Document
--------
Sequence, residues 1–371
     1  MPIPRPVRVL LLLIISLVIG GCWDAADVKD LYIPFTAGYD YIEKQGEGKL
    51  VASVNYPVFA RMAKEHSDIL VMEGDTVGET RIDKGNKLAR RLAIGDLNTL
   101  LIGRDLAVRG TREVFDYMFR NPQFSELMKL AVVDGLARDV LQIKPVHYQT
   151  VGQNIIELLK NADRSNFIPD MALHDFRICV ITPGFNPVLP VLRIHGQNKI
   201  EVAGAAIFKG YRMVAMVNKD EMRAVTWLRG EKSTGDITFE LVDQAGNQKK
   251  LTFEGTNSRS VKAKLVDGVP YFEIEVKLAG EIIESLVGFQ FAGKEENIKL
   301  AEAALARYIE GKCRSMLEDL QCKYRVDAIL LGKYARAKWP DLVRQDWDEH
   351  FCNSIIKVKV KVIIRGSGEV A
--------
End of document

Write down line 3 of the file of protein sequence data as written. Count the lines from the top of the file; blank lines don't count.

    51  VASVNYPVFA RMAKEHSDIL VMEGDTVGET RIDKGNKLAR RLAIGDLNTL